Should You Open a New Bank Account in 2023?
- Savings account interest rates have increased, but not for everyone. Opening a new account may net you a higher rate.
- New bank accounts, like new credit cards, often come with sign-up bonuses.
- Sticking with your current bank because it's familiar may be stopping you from finding a new bank that's a better fit.
A new year, a new bank account.
Those who love credit card rewards are often quick to open a new account whenever we find one with a nice bonus or good perks. Or you may get a new card because it simply suits your lifestyle better than your current cards.
But few people consider doing the same with their bank accounts. The truth is, there are just as many good reasons to open a new bank account as there are to open a new credit card.
If you haven't considered whether you could benefit from a new bank account, 2023 may be the time to give it some thought. Here are a few ways a new account could be beneficial.
Savings account APYs going up for some
In a supposed effort to curtail inflation, the Fed has increased interest rates by record amounts this year. This was bad news for folks looking for a mortgage. And for those who are dealing with credit card debt.
However, the increased interest rates have actually led to something we haven't seen in a while: higher savings account interest rates.
While the average rate is still quite low -- less than 1% -- you can now find standout accounts offering 2% to 3% APYs (annual percentage yields). You'll find these rates most often when looking at online-only banks, but you may find something in that range at some of the more forward-thinking brick-and-mortar banks, too.
If your current bank account is still stuck in the past when it comes to savings APYs, switching banks could wind up being very lucrative.
This is especially true if you've managed to put aside a proper emergency fund. (Most experts now suggest having a 12-month emergency fund.) It's wise to keep that fund in a high-yield savings account where you can minimize the impact of inflation on your savings.
New account bonuses can be valuable
Another thing to consider when contemplating a change in banks is that most banks will offer you some sort of new account bonus. Very similar to the sign-up bonus for a new credit card, bank account bonuses can be worth hundreds of dollars.
New bank account bonuses are frequently offered for savings accounts, but you can find them for checking accounts as well. They're even offered for business checking accounts if you own a small business (and yes, sole proprietors can open business bank accounts, too).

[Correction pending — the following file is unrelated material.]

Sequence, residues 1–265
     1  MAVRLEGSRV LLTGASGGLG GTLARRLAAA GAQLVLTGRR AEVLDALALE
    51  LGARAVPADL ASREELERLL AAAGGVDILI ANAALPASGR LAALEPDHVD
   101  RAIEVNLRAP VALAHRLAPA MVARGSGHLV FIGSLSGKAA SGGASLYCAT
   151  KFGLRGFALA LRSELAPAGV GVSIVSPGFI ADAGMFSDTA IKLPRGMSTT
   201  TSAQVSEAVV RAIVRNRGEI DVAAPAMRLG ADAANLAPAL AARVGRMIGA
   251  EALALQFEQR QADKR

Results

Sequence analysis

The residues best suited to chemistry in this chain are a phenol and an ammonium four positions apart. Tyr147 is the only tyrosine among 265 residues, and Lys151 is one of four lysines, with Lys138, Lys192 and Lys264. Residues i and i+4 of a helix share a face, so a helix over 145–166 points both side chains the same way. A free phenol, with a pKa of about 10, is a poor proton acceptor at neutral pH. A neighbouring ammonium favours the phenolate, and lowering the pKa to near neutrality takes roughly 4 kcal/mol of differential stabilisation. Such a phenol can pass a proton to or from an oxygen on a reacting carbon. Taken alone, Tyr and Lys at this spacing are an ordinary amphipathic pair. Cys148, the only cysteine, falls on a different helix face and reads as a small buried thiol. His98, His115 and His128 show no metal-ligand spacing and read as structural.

Make sure you read the fine print for the account bonus before you open the account. Most bank account bonuses require you to meet a few conditions to earn the bonus.
The most common condition is some sort of minimum balance requirement. You'll typically need to deposit a minimum amount of money into the account within 30 days of opening it. The larger the new account bonus, the more you'll likely need to deposit.
Often, you'll then need to maintain that minimum balance for the first 90 days -- or more, as some may require up to six months -- before you can earn the bonus.
Another common condition to earn a new bank account bonus is making a minimum number of transactions within a set period of time. You may need to have a certain number of direct deposits, for instance, or meet a minimum transaction threshold. Checking accounts, in particular, will commonly ask you to make a number of debit card transactions as a part of a new account bonus requirement.
New goals, new bank account
One common reason to open a new bank account -- specifically, a savings account -- is to use it to save toward a goal. If you have any new financial goals for 2023, opening a new bank account could help you keep that goal on track.
For the best results, set up the new account at a different bank than your usual accounts so it's harder to access the funds quickly. As the old adage goes, out of sight, out of mind.
You can also consider setting up automatic transfers to your new account so you can save without thinking about it. (Just be sure this won't cause you to overdraft in another account!) Even a small amount transferred every week, or every paycheck, can add up quickly in a high-yield account.
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